======================================================================== Cybernetics in the 3rd Millennium (C3M) -- Volume 4 Number 3, Mar. 2005 Alan B. Scrivener --- www.well.com/~abs --- mailto:abs@well.com ========================================================================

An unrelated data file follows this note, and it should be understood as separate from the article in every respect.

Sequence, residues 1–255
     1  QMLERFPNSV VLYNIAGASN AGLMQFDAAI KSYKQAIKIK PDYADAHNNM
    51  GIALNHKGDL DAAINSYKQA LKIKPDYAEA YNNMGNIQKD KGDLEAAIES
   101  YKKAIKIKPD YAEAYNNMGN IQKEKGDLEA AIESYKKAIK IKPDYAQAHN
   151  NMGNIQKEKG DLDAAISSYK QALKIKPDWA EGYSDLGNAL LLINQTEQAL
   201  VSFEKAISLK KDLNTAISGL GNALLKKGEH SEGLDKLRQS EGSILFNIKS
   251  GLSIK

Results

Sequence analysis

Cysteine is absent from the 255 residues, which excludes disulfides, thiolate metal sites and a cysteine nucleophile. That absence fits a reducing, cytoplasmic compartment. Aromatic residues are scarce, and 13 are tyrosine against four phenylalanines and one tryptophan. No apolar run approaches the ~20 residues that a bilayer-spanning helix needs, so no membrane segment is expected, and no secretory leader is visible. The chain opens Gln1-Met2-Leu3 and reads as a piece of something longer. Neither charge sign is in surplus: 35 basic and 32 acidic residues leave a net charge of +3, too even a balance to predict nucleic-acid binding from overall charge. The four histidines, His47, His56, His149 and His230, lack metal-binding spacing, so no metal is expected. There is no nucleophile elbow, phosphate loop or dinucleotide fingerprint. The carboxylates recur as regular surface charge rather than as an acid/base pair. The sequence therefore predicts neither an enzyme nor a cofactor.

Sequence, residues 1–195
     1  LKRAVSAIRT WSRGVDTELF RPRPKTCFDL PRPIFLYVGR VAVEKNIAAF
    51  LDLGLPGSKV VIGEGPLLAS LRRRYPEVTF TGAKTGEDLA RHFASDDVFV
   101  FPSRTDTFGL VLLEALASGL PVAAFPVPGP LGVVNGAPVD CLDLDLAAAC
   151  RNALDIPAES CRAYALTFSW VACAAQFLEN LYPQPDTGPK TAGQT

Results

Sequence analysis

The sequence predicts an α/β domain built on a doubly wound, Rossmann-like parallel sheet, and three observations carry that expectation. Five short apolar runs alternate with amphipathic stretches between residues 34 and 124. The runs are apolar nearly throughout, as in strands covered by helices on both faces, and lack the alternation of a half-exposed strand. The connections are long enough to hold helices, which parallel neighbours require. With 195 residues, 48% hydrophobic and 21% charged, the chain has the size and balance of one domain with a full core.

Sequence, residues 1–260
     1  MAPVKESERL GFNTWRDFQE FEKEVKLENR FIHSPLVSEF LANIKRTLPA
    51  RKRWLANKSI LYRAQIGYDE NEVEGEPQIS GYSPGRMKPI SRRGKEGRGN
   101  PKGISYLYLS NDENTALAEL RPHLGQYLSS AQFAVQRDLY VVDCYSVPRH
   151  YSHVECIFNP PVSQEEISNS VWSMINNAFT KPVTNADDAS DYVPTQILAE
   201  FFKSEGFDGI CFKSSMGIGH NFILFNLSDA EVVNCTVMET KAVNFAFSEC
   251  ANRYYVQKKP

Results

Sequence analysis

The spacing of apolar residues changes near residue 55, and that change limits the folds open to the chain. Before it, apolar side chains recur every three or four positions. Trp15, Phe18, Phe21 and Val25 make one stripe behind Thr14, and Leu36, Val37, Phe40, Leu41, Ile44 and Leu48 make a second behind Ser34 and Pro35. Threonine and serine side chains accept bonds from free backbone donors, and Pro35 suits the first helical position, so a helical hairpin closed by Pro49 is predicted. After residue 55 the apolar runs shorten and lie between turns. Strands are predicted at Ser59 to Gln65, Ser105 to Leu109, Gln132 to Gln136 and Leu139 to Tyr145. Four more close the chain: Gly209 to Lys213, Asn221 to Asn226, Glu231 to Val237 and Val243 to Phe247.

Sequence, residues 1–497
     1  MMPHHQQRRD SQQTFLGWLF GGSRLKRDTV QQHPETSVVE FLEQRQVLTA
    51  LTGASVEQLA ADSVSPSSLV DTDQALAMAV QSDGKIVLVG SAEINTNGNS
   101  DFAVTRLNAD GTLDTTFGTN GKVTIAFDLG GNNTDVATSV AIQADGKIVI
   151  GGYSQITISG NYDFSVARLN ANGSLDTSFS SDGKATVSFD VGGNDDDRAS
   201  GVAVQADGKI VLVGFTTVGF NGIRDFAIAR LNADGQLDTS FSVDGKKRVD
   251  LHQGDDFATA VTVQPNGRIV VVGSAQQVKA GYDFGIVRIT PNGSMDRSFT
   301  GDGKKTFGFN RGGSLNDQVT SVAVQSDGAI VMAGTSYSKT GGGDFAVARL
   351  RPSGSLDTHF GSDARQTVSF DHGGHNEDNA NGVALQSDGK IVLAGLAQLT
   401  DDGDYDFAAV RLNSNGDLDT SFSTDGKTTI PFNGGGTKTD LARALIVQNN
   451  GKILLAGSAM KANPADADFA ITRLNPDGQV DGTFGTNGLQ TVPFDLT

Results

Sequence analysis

Skeleton Key to Pop Culture